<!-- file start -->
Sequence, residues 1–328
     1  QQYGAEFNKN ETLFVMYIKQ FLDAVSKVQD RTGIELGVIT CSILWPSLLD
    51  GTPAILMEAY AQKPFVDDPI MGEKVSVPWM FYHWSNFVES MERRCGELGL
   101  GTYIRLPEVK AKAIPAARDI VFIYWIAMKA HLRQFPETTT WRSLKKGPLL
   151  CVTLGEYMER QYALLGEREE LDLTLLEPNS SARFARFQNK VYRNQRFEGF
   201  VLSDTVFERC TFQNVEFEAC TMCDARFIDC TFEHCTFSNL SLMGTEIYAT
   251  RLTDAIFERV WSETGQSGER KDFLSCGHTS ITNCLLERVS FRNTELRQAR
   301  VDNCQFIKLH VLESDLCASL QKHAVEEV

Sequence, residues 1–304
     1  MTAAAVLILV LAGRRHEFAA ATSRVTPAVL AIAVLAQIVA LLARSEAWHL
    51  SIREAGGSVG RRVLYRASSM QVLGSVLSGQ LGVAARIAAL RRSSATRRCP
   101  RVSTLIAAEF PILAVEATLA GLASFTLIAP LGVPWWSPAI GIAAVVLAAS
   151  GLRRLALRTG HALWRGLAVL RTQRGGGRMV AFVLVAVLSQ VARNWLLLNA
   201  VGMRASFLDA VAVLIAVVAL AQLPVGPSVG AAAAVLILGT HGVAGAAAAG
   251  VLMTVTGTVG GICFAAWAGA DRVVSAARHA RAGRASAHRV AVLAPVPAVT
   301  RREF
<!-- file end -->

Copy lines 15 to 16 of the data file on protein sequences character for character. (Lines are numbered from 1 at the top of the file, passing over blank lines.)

   251  VLMTVTGTVG GICFAAWAGA DRVVSAARHA RAGRASAHRV AVLAPVPAVT
   301  RREF